Thank you for having me here as a speaker – it is truly an honor! I was thinking a lot about what to say this evening and what kind of wise advice to give as a keynote speaker. Then I thought I would share with you the very personal story of my own citizenship to shed some light on what I think about the role of people who are socialized by universities – us, so-called intellectuals.
I started out my life as a researcher out of pure academic interest in the notions of cleanliness and purity, following in the footsteps of my favorite anthropologist Mary Douglas. But – having heard of applied anthropology during my studies – I also had a feeling that I should do research that is not only useful for me, but also for society. At this point, I had no idea what this meant, but it sounded important…
For months, my co-researcher and I had been looking for a topic that would meet these two criteria. Then in 2002 we found a short article in a newspaper that reported on a new program launched by the mayor of Budapest to clean (and this is the word they used) the underground pedestrian passages of Budapest from 3 things: graffiti, illegal vendors and homeless people. Just to remind us of the deeply rooted inequalities of this country: this was not in 2010 or 2014. This was back in 2002 when the current oppressive regime was nowhere in sight.
So we dug into this topic and stuck with it for three years. Over these three years, I got more and more angry at what I discovered. In the interviews we made and the texts we read, the politicians and technocrats of Budapest kept trying to convince me that they were doing what all the so-called decent residents of the city wanted: clean the city of undesirables and give it back to us, decent people. In other words, as it turned out, homeless people were chased away in my name and to serve my imagined needs as a white middle-class resident.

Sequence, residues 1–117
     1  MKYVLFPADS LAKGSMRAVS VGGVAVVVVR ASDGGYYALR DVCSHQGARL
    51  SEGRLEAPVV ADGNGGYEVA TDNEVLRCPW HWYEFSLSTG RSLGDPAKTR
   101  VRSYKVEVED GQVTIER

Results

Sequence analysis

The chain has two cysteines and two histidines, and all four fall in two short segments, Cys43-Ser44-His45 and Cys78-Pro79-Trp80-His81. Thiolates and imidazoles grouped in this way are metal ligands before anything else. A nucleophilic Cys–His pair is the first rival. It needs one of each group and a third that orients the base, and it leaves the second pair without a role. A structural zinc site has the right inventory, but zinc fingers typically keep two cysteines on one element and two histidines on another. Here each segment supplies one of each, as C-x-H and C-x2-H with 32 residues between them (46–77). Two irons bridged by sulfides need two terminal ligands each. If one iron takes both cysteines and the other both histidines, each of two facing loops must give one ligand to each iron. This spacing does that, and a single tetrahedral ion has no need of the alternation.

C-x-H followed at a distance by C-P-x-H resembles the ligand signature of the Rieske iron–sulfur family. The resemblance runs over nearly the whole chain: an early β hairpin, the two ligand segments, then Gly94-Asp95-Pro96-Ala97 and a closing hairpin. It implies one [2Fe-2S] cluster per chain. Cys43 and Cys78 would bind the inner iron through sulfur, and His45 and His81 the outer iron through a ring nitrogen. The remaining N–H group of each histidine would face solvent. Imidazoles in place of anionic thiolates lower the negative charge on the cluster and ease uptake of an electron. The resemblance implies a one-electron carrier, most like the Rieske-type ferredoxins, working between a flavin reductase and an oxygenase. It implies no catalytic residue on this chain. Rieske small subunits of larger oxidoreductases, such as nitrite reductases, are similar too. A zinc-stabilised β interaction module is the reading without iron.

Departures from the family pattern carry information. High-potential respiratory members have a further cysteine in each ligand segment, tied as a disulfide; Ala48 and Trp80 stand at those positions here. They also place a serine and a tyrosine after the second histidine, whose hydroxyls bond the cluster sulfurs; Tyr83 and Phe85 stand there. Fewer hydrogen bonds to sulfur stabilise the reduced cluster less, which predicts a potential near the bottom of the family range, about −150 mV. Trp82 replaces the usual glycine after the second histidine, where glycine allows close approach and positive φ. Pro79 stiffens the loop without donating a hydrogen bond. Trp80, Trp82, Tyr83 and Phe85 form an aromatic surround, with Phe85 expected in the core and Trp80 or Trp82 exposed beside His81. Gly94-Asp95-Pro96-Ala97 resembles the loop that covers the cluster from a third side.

I come from a safe middle class background with many privileges. One of these is a secure home and the other is almost unlimited access to quality education. Even though I was vaguely aware of these, this research forced me to take a harder look at my own position in the world and the things I take for granted. It was definitely a process of awakening. More importantly, this research did something I never even knew was missing: it helped me discover my political self. It not only made me angry as an individual but also made me think about my role in reproducing injustice and about WHO was responsible for changing what I was angry about.